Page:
"Avengers: Endgame" has topped the box office worldwide becoming the highest grossing film of all time. The Marvel Studios franchise bested "Avatar's" $2.789 billion to make movie history. It took over ten years for the franchise to get to that level of success and it…
“Avengers: Endgame” has topped the box office worldwide becoming the highest grossing film of all time.
The Marvel Studios franchise bested “Avatar’s” $2.789 billion to make movie history. It took over ten years for the franchise to get to that level of success and it may never reach it again. In fact, it could all be down hill from here for other shared universes.
We’ve already seen multiple movie studios attempt to replicate Marvel’s success. The Dark Universe has been jump started numerous times, first with “Dracula Untold,” before moving to Tom Cruise’s “The Mummy.” Both were financial disappointments. “Dracula Untold” managed to just pass $56 million. Furthermore, “The Mummy’s” $400 million just wasn’t enough to reboot the universe. The characters and quality of storytelling couldn’t replicate the attention the Marvel properties garnered.
DC on the other hand has a set of tried and tested characters. Iconic heroes such as Batman and Wonder Woman should be easy to turn into a shared universe. The interconnection of a franchise like this can spell disaster though. The quality of one film could significantly impact another. The critical panning of “Batman Vs. Superman” significantly damaged the DC Extended Universe.
The major follow up to this, “Justice League,” consequently performed poorly, with the almost $230 million no where near the heights of the Marvel equivalent. Indeed, it even paled in comparison to many other DCEU franchises. The shared nature of a franchise is both a blessing and a curse. It can continue to solidify the worth of a franchise but the whole universe can be damaged by a misstep. Maintaining quality is difficult in the movie business and is near impossible over the 11 year period Marvel has done it for.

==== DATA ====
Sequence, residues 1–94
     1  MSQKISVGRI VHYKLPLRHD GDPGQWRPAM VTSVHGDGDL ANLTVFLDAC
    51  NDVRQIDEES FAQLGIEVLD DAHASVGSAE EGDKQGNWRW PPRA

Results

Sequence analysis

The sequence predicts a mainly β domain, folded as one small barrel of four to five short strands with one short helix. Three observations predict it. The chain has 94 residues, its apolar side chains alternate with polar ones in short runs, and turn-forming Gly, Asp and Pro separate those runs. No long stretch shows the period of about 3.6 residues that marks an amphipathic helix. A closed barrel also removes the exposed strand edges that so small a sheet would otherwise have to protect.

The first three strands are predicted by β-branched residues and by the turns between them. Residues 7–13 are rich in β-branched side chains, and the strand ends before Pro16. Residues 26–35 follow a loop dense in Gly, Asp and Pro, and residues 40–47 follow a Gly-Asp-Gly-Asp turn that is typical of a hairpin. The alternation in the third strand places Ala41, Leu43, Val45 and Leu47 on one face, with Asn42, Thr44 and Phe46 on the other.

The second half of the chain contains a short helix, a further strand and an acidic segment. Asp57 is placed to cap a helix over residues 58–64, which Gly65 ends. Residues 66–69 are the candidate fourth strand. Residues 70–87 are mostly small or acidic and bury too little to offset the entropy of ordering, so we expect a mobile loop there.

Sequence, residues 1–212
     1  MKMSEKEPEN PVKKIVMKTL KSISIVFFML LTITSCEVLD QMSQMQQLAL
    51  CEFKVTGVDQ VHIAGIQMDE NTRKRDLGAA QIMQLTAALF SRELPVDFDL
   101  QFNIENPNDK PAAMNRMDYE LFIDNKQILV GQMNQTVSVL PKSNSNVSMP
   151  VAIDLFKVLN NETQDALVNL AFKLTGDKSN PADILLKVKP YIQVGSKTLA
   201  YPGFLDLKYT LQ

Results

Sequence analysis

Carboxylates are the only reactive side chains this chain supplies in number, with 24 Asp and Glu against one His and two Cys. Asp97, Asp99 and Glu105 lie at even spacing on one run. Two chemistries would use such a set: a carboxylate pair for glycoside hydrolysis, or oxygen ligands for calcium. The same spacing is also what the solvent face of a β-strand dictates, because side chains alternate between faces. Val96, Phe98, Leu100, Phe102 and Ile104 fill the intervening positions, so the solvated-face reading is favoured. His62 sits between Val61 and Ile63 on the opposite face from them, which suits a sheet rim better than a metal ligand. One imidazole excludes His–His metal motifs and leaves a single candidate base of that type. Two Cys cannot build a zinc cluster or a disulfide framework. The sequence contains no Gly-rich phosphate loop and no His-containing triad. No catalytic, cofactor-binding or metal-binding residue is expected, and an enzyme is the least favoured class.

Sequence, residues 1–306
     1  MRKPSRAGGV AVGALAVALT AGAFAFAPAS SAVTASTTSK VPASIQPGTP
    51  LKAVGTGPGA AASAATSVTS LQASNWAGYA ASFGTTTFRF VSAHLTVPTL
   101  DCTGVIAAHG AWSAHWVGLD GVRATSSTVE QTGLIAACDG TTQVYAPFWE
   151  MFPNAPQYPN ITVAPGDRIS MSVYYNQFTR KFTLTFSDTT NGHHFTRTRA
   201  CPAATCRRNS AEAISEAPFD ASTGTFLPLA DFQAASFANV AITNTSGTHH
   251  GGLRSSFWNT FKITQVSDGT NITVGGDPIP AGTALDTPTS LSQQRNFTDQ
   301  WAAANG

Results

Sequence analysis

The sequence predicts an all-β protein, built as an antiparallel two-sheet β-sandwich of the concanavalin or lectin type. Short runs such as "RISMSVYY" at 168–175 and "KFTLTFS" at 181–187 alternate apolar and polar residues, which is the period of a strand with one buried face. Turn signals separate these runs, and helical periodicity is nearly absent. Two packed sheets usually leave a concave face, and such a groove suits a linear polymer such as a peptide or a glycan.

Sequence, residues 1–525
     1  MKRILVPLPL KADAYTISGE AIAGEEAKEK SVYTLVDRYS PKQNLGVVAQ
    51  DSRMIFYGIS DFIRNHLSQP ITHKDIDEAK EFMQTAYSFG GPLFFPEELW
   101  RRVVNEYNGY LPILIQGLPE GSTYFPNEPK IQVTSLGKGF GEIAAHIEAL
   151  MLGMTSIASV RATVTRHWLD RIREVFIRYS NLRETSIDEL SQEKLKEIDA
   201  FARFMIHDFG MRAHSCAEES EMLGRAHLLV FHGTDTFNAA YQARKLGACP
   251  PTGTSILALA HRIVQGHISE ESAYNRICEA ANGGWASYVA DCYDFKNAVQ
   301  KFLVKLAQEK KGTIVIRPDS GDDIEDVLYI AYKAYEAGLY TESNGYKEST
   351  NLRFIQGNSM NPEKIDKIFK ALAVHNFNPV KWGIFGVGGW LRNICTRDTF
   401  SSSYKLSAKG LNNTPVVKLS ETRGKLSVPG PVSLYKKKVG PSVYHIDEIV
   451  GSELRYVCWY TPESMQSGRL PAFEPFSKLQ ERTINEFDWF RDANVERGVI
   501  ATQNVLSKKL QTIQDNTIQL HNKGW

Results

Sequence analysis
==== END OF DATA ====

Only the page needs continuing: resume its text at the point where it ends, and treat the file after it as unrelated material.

Continuity is a key part of any shared universe. Fans notice when mistakes are made, thus limiting the creative options available. Once a story is told it’s canon for the rest of the universe. What’s more, this makes it far more difficult for new fans to enter the franchise. At this stage, it may be difficult for Marvel Studios to grow any more. Anyone who isn’t already on board with the universe would feel overwhelmed by the sheer amount of content. This will only increase with the new shows on Disney Plus.
Continuity doesn’t just include shared story lines. It also incorporates the general tone of a franchise. Marvel has done well to define the tone for each hero within the larger universe. “Guardians of the Galaxy” are a fun throwback adventure team, with classic music and retro themes. “Captain America” can be both a period piece and a spy thriller. The DCEU on the other hand has been less than consistent. It’s tone has been defined as dark and gritty. When that didn’t pay off it took it too far the other way, with Batman telling out of character jokes. Then the characters fell somewhere in between. Perhaps “Shazam” managed to get the right balance, but is it now too late?
There are too many components for a shared universe to ever fully work again. It’s a concept that is quickly becoming expected of franchises, but perhaps at the cost of both fans and creative quality. It really could all be down hill from now on.
This article was edited by Sam Bourgi.
Last modified: September 21, 2019 3:44 PM UTC